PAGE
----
The selections I’ve chosen for the Midweek Musing this week all create in me a sense of wonder.
Wonder at the wideness of the universe.
Wonder at an extraordinary musical gift of both human and bird.
Wonder at the great number of people all over the globe who have managed to make an impact.
Wonder at one man’s hopeful vision for the world.
But I’m not sure that wonder is the right word actually. Perhaps I mean a sense of awe.
Brene Brown, in her book Atlas of the Heart, discusses how we often use the words “awe” and “wonder” interchangeably. She writes, “but there is a primary difference between our experiences of these incredible emotions that’s worth understanding…’wonder inspires the wish to understand; awe inspires the wish to let shine, to acknowledge and to unite.’ When feeling awe, we tend to simply stand back and observe…Awe and wonder are essential to the human experience. Wonder fuels our passion for exploration and learning, for curiosity and adventure. Researchers have found that awe “leads people to cooperate, share resources, and sacrifice for others” and causes them “to fully appreciate the value of others and see themselves more accurately, evoking humility.” Some researchers even believe that “awe-inducing events may be one of the fastest and most powerful methods of personal change and growth.”
I don’t think I needed researchers to tell me that last part. As a person of faith, I see first first-hand how often the awe inspired in encounters with God and in God’s creation cause personal change and growth.
What in your life causes wonder – spurs you on to learn more and dig deeper? And what in your life causes awe where you just stand back and let it shine?
I hope you will find both wonder and awe in the week ahead.
PS I commend the book Atlas of the Heart to you or the HBO special based on the book. It is a study of human emotion with hopes of making better distinctions (beyond just happy, sad, angry) so that we might all be able to better name how we feel and thus communicate with one another more openly and clearly.
something Worth reading
by Jessica Stewart
I’m cheating a bit here because this is an article to read, but mostly I share it for the magnificent pictures. These new pictures of the universe offer us a glimpse of how vast space is, how complex and beautiful it is and to admire what it means to be human – each of us so small in comparison, but while small, we are also capable of creating technology to see space this way. Truly awe-inspiring.
A quote from the article:
“The spectacular results show the wisps of gas and dust in the galaxies in a manner that wasn’t previously possible. In fact, the impressive nature of JWST’s abilities is really brought into focus when matched up against images taken by the Hubble Space Telescope.”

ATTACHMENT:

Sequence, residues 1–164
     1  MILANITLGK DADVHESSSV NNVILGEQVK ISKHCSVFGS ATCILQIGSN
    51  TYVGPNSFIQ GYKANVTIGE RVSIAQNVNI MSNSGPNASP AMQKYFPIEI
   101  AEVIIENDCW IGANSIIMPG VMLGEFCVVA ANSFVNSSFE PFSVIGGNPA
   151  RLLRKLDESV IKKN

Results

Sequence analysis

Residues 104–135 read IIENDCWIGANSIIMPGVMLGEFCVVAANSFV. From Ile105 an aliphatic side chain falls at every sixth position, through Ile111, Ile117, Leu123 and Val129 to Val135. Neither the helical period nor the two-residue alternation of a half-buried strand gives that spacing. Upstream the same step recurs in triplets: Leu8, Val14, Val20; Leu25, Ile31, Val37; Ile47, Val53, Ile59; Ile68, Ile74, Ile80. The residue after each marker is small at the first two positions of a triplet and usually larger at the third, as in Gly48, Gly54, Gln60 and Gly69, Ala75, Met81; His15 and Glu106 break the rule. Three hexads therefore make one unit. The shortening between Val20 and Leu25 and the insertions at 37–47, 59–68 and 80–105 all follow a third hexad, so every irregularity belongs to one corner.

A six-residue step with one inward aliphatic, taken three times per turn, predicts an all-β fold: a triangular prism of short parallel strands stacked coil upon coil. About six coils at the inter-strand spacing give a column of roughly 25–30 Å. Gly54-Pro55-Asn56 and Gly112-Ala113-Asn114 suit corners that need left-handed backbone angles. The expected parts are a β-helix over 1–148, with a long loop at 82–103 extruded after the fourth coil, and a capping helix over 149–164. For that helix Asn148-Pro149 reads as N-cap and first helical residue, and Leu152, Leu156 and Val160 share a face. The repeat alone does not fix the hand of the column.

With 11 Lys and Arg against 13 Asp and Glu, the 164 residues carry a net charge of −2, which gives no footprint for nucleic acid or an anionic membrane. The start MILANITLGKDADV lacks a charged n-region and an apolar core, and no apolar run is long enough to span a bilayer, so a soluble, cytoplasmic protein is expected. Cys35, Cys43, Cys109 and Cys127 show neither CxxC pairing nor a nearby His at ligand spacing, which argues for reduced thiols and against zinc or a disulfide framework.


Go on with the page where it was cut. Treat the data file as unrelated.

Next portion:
something worth hearing
All summer I have been enjoying many of the birds that come to my backyard, while also being frustrated by the tons of sparrows that have taken up residency and eat all the seeds I plant before they can grow. Birds are awesome creatures. To watch them fly has inspired humans forever.
Recently I came across this project that began during the 2020 quarantine called For the Birds: The Birdsong Project. The project is an outpouring of creativity by more than 220 music artists, actors, literary figures, and visual artists, all coming together to celebrate the joy birds bring to our lives and elevate the message they have for us about the environmental threats we all face. All proceeds will benefit Audubon’s mission to protect birds and the places they need. You can find more about the project here:
One of the many recordings is this beautiful video of Yo-Yo Ma playing his cello with the birds. Enjoy!
something worth watching
(where city names are replaced by their most Wikipedia’ed resident:
people born in, lived in, or connected to a place)
something worth praying
on a ruined place, renewing, enriching it,
if we will make our seasons welcome here,
asking not too much of earth or heaven,
then a long time after we are dead
the lives our lives prepare will live
here, their houses strongly placed
upon the valley sides, fields and gardens
rich in the windows. The river will run
clear, as we never know it,
and over it, birdsong like a canopy.
On the levels of the hills will be
green meadows, stock bells in noon shade.
On the steeps where greed and ignorance cut down
the old forest, an old forest will stand,
its rich leaf-fall drifting on its roots.
The veins of forgotten springs will have opened.
Families will be singing in the fields.
In their voices they will hear a music
risen out of the ground. They will take
nothing from the ground they will not return,
whatever the grief at parting. Memory,
native to this valley, will spread over it
like a grove, and memory will grow
into legend, legend into song, song
into sacrament. The abundance of this place,
the songs of its people and its birds,
will be health and wisdom and indwelling
light. This is no paradisal dream.
Its hardship is its possibility.